Some of the world's greatest transport infrastructure began life as job-creation schemes: Highway 1 along the coast of California, Australia's Great Ocean Road and, arguably, the Baikal-Amur Mainline, the railway that opened up eastern Siberia. Compared with these mighty projects, George Osborne's plan to build the odd bypass and resurrect some stretches of railway may seem the feeblest of visions.
In fact, the provisions in the Autumn Statement should be broadly welcomed. As a nation, Britain opted out of transportational grands projets a generation or two back, with the exception of much-delayed essentials such as the Channel Tunnel and Heathrow Terminal 5. We left it to the French to build Europe's first proper high-speed rail network – starting 30 years ago, with the latest component opening 12 days from now, connecting the Rhine and Rhone. In comparison, electrifying existing lines will hardly inspire the Brunels of the future.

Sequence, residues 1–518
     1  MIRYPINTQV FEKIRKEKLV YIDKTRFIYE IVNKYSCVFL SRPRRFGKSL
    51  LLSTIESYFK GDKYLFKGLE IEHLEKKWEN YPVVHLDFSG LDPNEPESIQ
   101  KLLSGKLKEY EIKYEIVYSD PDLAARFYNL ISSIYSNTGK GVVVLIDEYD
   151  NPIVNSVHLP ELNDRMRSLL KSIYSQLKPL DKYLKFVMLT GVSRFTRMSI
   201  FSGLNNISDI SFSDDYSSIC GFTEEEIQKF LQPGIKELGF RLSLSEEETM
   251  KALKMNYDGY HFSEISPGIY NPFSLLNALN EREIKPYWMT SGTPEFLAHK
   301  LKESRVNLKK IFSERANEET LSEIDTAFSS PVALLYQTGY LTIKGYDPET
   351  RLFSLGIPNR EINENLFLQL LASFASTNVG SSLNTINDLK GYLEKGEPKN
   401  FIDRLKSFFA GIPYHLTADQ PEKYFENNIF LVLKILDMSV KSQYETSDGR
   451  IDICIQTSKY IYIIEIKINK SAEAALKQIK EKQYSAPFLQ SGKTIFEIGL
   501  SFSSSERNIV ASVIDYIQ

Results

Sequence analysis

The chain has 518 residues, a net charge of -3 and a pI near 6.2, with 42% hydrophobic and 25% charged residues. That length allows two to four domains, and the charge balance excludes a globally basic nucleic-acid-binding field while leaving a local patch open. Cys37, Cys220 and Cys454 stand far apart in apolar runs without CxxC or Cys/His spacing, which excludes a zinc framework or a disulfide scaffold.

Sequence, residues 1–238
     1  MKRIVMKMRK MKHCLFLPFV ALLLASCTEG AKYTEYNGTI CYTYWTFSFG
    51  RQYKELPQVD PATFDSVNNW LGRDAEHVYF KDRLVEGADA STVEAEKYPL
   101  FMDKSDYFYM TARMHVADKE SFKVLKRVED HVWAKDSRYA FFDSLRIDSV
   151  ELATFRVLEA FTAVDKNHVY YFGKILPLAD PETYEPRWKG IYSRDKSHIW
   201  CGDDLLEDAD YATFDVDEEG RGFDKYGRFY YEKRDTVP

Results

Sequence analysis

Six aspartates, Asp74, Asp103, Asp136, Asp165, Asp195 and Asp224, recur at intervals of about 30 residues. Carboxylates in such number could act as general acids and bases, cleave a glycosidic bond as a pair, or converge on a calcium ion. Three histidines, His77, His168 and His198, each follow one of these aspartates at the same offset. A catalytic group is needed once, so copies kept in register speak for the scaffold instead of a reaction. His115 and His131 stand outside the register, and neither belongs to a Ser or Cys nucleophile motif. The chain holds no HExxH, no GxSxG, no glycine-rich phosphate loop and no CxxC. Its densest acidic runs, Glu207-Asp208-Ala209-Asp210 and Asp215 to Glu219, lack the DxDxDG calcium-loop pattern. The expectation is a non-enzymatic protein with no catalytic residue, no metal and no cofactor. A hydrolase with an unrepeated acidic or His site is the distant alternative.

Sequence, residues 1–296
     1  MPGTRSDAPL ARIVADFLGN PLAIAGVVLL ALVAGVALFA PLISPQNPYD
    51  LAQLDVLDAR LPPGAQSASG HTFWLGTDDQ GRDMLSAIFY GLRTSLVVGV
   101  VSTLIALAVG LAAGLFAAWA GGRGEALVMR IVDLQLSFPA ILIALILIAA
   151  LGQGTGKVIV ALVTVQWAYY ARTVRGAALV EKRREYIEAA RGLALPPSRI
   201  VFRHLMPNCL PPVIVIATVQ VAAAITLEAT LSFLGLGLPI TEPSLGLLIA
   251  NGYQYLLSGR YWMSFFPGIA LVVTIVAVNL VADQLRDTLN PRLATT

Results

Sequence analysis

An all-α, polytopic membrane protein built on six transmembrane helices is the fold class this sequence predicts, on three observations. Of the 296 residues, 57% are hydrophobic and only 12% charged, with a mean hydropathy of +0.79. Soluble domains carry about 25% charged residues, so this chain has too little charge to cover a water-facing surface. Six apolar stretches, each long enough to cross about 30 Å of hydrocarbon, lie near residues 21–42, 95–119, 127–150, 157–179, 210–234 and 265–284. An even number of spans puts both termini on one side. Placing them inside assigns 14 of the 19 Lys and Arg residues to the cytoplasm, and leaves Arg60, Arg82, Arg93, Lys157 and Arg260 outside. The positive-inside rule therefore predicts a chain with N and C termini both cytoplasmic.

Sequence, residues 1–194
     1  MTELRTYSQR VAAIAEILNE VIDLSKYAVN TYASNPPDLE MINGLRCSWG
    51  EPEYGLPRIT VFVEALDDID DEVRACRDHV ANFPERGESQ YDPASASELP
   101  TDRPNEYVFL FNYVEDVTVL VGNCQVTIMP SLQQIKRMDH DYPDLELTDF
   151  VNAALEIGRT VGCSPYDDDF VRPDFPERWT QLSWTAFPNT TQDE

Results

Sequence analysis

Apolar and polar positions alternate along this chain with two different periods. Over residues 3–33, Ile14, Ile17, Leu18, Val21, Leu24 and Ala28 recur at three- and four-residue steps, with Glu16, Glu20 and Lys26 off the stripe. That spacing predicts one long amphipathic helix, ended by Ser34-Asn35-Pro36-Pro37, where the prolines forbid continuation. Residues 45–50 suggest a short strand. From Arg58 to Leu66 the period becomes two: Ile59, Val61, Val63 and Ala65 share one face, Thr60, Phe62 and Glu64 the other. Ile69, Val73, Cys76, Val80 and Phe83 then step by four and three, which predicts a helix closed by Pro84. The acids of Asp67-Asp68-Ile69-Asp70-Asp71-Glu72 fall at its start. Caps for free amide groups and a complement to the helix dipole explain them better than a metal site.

Yet Britain is a small, crowded nation that, thanks to visionary Victorians, has had its railway framework in place for a century and a half. Against all the odds, the network still mostly meets our needs. France and Spain are vast countries in comparison, with both the space and the necessity to build high-speed, high-capacity railways. Make do, mend and muddle through is the UK's strategy.
The excuse for dismantling much of our rail system was that car ownership was the future. As every British motorist knows, any joy in driving on our motorways and A-roads disappeared decades ago. Today you simply hope that the journey was no worse than yesterday. With neither the will nor the money nor the space to expand the road network, tactically relieving bottlenecks and removing traffic from towns and villages is the best we can expect.
This is not an acceptance of inertia – rather, recognition that in a cramped country with a mature economy the solution is better use of scarce resources. Heathrow and Gatwick are, most of the time, highly efficient: supreme examples of how to squeeze a quart into a pint pot. Terrestrial transport may yet catch up. Yesterday's announcement, if followed through, will make good some of our past mistakes and ease the squeeze for a few more years. And in any event some work will be found for idle hands.